While I was sick I started rereading Tony Hillerman's mysteries, the ones set in the Navajo country of New Mexico. In a couple of them, someone who's Navajo by blood, but who's grown up with no contact with Navajos, shows up on the Reservation, and puts the protagonists -- Navajo Tribal Police -- out of all reckoning, because they keep expecting him to act like a Navajo and he doesn't.
I thought of that yesterday, as I was doing one of my rare massages of men. That's how I feel among men. I look like one of them, but somehow I never learned the culture. I can pass as one (and very convenient it is, in a society that's loaded in favor of men), but I don't like to talk to them for long, because sooner or later they'll tip to the fact that I'm not really one of them. I have no idea how a man doing a massage of a man is expected to act, so I just have to fake it. I was telling this to Martha, and she said, "Yes, that's how I feel about women."
It has nothing to do with orientation. My preference for women has been one of the few constants of my life. Nor does it have to do with identity. I have no sense of being wrongly gendered. I don't feel that I am a woman or should be a woman. It's just that women make sense to me. I understand what they do, I understand how they talk. It's no accident that, having found finally a work situation in which I thrive and am happy, it's in an office consisting of myself and seven women.
This sense of being out of place was strongest in school, and its focal point was cruelty. Boys enjoyed cruelty, or pretended to, in a way that made me sick and frightened. They killed and tortured things. They went out of their way to stomp on bugs, and nothing seemed to rivet their delighted attention like the mangled corpse of a possum or a bird or a squirrel. I knew they shared at least some of my horror and revulsion, but it seemed to have no admixture of pity in them; and it modulated, somehow, into a giddy pleasure that I didn't understand, and didn't want to. I knew from that time that I was a defector; that I couldn't and wouldn't be one of them. What I didn't know was that there would be room in the world for me anyway. A suburban American schoolyard is not a good point of vantage for observing the variety of the world's cultures and its multiplicity of subcultures. I simply thought that I would be alone, now and forever.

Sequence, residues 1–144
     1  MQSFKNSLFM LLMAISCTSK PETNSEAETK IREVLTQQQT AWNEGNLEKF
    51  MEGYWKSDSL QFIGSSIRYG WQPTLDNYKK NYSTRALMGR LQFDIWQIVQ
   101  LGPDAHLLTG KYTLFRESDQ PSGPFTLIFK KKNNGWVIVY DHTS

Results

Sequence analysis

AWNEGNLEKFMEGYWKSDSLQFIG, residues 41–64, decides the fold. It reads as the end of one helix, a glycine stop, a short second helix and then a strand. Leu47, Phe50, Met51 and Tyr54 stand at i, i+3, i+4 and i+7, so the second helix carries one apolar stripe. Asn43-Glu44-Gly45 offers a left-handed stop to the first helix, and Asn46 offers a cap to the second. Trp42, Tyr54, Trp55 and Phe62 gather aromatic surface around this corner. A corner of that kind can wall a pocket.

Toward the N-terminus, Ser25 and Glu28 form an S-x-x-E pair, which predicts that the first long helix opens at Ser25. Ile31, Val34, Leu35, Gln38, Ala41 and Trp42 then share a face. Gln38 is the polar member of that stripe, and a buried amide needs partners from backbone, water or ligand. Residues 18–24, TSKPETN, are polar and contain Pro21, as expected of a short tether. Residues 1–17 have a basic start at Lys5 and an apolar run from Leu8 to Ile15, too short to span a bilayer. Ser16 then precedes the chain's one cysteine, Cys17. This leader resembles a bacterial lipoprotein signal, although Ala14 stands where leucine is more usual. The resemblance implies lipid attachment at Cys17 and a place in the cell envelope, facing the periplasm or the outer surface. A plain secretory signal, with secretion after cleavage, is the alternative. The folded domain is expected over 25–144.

Unless: unless I could defect. Somehow cross into the world of girls. There were not all that many girls that made sense to me either; they had a tendency to find bugs icky and to place inordinate attention upon clothes; but at least some of them made sense. I wanted to stow away among girls.
Well. There's a way to do that, a way that opens up when adolescence comes along. You become a ladies' man. You simply go permanently into courtship mode. You smile at girls, you chat with them, you simply pay attention to them. And some of them like it. It means that you have a lot of ambiguous relationships: most of your friendships carry some erotic charge, and some carry a lot. This brings its own predictable consequences. But at least you have friendships.
Fast-forward thirty years, and here I am. I was driving home the other night from having done two massages -- a woman and her female friend from out-of-state. They had hung out and chatted happily with me, in their pajamas, while I folded my table and packed up. As I drove, I marvelled that I was so happy. Happy-relieved. What was that?
I finally did it, I decided. I finally crashed the girls' slumber party. It's what I always wanted to do, and now I've done it.